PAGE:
My favorite rape prevention tip – don’t rape someone. Don’t drug somebody’s drink. If you think you may rape someone, have a buddy along to stop you. And on and on.

    I think that when it comes to rape and PWD, it ties into bigger issues, like getting our voices heard. “Oh, she’s bipolar, so we’ll blame that instead of booze. You must have been “crazy” then and now you regret it. And stop wearing clothing that shows off your body!”

    Rape culture is so ingrained… I have big breasts. I like them. They’re purty. Ever since I got them, I’ve liked shirts that show them off. But I still feel like I shouldn’t do that because I’m not looking for a man, I just feel like dressing for myself, and I’m sending out the wrong message. But it’s my body, why can’t I wear a shirt I like?

  2. “het cis probably currently non-disabled largely white largely middle-to-upper-class”

    Hmm, I think this is a bit of a generalization, and erases the millions of university students who do not fit one or more of these categories. I was raped in college, and I am queer and disabled. I don’t think it is accurate to assume that the majority of college students are necessarily privileged all across the board. (Of course, this will vary by region, type of school, etc)

  3. Raping a pretty young cis woman is understandable–the rapist was attracted to her and wanted to fuck her and wanted to cut through all the preliminary bullshit and get right to the fucking. It’s harder for people to imagine wanting to fuck children or older people or disabled people or crazy people or fat people. Who’d find that attractive? (Who would rape you?)

    I think this is a very thorny issue, because rape is really under-prosecuted for everyone, so it’s not as if people look at a young white girl and say, “Yep, pretty enough to rape… your rapist is CONVICTED!” It just turns into victim blaming about how she obviously wanted sex or she wouldn’t have gone out looking sexy. Obviously young cis TAB white women have a lot of privilege in almost every context, but in this area it doesn’t seem to translate into tangible gains.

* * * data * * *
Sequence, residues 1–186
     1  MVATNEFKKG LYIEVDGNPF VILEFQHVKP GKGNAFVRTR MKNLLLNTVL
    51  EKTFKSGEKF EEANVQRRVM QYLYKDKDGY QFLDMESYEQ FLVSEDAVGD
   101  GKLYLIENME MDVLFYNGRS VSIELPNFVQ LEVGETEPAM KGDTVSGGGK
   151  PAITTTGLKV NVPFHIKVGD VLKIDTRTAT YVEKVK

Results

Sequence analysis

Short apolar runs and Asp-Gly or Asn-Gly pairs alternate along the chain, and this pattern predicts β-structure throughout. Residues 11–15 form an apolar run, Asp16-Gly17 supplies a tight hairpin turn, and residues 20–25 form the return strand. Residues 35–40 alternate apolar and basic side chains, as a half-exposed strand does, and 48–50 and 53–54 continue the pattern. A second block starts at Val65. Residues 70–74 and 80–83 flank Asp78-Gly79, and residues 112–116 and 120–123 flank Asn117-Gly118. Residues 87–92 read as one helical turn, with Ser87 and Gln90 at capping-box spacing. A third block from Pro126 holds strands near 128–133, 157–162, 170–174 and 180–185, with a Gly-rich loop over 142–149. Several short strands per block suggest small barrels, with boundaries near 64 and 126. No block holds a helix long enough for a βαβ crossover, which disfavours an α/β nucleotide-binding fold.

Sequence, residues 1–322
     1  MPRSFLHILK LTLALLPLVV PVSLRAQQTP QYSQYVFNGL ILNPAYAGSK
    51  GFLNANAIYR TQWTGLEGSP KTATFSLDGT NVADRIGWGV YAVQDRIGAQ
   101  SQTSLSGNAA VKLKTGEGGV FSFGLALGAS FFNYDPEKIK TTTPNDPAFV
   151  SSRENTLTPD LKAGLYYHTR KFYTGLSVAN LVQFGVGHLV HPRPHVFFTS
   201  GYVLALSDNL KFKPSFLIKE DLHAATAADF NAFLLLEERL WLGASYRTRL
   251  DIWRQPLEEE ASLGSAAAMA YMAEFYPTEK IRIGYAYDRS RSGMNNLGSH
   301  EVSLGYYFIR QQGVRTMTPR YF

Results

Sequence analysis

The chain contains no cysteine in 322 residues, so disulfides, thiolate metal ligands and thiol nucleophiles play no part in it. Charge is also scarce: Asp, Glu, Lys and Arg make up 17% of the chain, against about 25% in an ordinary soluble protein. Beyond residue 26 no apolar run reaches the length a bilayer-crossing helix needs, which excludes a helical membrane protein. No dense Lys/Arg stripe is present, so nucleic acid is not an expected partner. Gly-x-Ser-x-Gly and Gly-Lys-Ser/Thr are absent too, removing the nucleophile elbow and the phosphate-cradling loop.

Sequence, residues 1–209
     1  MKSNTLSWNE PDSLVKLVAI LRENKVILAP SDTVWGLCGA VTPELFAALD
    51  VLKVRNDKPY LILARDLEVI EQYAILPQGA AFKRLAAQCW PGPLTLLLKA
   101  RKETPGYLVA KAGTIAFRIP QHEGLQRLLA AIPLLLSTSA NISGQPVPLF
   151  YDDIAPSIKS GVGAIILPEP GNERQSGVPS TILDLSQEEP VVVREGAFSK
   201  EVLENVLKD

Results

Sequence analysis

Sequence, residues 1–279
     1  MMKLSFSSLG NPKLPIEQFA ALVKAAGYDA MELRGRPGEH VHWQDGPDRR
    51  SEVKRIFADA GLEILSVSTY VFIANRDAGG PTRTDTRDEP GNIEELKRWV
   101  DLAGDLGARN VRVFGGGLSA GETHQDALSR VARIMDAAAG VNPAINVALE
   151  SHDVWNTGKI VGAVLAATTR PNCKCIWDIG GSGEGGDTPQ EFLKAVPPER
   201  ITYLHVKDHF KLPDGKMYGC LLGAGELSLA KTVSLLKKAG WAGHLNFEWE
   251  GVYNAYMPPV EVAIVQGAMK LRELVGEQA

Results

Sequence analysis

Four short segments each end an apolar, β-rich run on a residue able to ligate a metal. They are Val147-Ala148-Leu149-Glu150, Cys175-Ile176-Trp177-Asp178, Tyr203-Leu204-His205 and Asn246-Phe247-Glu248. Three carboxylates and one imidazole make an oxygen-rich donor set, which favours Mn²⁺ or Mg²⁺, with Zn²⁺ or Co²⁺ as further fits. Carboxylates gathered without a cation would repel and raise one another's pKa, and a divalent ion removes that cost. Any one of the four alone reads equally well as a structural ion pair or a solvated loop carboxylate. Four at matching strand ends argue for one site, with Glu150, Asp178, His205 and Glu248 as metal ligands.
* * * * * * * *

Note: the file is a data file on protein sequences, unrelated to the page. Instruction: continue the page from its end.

I don’t care if people talk more about what a problem rape is for people like me, I care if they actually do something to stop rape and to punish the rapist afterward, and with all the awareness I still see a lot of rape victims and not a lot of charges sticking.

    I think that the same problem is at work for all victims, the problem you’ve identified: the focus on sex, whether that manifests as saying “She was asking for it being pretty and wearing a short skirt” or saying “this woman in a care facility is unrapeable.” It’s a sex crime, but it’s not a crime about sexiness.

    I do wonder how the idea that disabled women are unrapeable works with your paragraph about sterilization because the assumption that rape will occur in care facilities, but it wouldn’t be the first thing our culture has cognitive dissonance about.
    .-= Gnatalby´s last blog ..Walker Family Planning =-.